Just received the copy edited version of Shaman Circus from Deb, the editor at All Things That Matter Press. I was really relieved when I opened the file and the edits were not extensive, mostly punctuation, a little grammar, and thankfully she caught three contiintuity issues, I totally missed. Handled one with an addition of a few lines to one chapter but will have to rewrite part of another. And then will be done on this phase. So now we move forward one more big giant step. I'm very excited and not as nervous as I was waiting for the edits because I feared some large rewrites. You never know.

I still can't believe it's happening sometimes. A dream I've had for more than 20 years to see a first novel published. But I delayed. Started four novels and never finished them over the years until Shaman Circus wrote itself in less than a year in from October of 2005-to May of 2006. This speed and dedication was thanks to my writer's group and our serious dedication to being frank but always offering suggestions, along with critiques. I never would have completed a novel without this constant weekly support and honesty.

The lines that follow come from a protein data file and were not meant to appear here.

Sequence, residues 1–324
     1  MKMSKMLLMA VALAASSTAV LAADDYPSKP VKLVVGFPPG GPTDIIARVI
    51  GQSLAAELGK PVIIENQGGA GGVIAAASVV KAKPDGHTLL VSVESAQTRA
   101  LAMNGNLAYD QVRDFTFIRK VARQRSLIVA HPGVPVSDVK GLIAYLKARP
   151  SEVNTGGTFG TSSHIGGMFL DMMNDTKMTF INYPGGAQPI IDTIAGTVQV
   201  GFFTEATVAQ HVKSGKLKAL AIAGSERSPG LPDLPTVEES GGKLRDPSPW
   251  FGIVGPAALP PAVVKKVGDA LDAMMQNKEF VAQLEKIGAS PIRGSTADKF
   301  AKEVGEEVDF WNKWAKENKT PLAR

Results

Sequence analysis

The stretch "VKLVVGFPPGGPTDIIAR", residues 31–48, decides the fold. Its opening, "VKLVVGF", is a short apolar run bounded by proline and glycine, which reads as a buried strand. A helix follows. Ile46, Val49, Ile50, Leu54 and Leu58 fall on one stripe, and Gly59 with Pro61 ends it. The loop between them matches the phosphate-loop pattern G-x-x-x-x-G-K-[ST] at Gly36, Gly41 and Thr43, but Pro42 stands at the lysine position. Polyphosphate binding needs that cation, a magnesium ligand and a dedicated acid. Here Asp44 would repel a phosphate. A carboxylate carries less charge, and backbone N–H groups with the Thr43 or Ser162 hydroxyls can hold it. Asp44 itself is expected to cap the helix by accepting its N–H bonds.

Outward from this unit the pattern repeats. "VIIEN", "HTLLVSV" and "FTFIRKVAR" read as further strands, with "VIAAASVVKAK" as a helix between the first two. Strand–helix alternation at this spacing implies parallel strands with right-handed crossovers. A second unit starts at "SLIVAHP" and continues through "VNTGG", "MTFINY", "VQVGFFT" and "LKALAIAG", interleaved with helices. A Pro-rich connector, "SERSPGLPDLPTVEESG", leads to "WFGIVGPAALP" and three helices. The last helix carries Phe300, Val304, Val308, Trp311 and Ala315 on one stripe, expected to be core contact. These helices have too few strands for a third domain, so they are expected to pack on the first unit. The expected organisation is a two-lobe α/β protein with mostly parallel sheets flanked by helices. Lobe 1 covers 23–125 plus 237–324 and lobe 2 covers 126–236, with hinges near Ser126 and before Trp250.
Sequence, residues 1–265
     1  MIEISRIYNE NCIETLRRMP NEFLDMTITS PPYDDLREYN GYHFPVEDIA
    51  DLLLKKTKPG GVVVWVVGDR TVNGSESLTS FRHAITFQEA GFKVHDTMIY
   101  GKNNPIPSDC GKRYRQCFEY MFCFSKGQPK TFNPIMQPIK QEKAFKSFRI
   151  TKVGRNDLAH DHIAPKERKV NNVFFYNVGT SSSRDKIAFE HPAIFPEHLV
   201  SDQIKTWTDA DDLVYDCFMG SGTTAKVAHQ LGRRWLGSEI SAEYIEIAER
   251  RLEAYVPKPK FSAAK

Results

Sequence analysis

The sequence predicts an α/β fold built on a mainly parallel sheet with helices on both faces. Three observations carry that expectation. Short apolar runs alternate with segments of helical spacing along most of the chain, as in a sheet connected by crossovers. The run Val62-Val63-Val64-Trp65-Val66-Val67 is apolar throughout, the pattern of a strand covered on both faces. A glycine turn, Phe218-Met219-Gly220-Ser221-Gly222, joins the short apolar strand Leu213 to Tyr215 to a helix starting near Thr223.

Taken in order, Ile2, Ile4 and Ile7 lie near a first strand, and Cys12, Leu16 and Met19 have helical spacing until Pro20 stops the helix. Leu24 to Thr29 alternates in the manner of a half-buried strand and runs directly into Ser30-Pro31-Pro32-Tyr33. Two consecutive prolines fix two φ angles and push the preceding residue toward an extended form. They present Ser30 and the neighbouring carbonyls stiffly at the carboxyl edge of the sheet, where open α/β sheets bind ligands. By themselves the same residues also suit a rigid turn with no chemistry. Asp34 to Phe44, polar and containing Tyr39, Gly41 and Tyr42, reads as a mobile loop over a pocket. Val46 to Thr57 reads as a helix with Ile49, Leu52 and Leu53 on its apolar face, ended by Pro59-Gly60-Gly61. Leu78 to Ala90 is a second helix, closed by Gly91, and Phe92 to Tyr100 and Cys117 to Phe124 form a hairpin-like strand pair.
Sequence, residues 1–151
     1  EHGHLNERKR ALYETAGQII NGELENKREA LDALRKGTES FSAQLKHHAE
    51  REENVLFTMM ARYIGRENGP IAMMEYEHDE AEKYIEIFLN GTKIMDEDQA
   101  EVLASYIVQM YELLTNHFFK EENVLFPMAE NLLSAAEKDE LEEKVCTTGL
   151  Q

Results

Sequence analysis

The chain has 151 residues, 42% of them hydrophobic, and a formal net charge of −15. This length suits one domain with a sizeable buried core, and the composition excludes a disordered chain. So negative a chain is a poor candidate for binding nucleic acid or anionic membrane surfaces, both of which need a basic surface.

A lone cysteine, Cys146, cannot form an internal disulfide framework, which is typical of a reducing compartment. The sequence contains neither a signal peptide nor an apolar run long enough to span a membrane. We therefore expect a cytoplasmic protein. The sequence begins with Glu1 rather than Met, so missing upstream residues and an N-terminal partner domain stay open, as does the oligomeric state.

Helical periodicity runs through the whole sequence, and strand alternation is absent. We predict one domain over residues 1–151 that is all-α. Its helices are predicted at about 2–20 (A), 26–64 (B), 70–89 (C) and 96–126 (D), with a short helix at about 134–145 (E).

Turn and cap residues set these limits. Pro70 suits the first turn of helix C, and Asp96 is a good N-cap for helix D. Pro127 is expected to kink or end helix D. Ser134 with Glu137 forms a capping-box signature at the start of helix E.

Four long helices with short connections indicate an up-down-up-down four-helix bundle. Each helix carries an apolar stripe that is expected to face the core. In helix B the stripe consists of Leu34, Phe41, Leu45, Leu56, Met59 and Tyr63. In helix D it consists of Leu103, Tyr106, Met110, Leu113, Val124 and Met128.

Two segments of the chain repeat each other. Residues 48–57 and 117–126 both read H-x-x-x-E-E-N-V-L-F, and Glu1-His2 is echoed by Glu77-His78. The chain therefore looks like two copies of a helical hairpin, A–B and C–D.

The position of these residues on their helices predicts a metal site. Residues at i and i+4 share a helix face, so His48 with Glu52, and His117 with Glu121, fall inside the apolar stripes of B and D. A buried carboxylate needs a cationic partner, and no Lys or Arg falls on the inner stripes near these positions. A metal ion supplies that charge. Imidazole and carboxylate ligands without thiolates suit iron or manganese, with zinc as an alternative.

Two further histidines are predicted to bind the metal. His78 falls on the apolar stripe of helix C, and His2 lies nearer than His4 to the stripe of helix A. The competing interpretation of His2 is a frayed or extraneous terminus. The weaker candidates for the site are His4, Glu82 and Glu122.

Other influences came from music. Jacob's character became part of Scotty T's rendition of Baron Samedi when he was involved in voudou ritual. When Jacob is in rock singer mode, he's based on the lead singer of 10 Years, (Tennessee) Jesse Hasek.
I got hooked on this band in the parking lot of the Greenville/Spartanburg International Airport. The song came on the radio when I was ready to get out of the car and I ended up late at my job as barrister at The Quarter Moon Coffee Shop on the top level of the airport. I had never heard anything like it and had to listen all the way through hoping they would say who the song and band was so I could grab the CD. I was lucky. They did. "Waasteland" On their tour to support the album, 1o years played at The Handlebar here and my friend, Donna, and I went to see them and I was blown away by the lead singer's passion for music and the intonations and emotionality of his voice and his crazy all-over-the-stage-amps-everywhere antics.
I found listening to music helped me a great deal and certain CD's related to the characters, 10 Years, "The Autumn Effect" related to Jacob LaQuerre, the protagonist, while Flyleaf the Middle Eastern flavored music of Niyaz related to Lily (who is an American Tribal dancer influenced by Middle Eastern, Egyptian, Turkish folk dancing). Shrine and(sometimes Flyleaf) also inspired Mavis, who is based on my good friend, Wendy Swearingin (auhor and artist) and author, Brian K. Ladd's character, Candy Cane, in his novel, Trimalchio's Couch.

The kick start of the book was a poetry reading/music show held at Coffee Underground, by Wit's End poetry. It was the first time I saw Scotty T. and The Disease perform.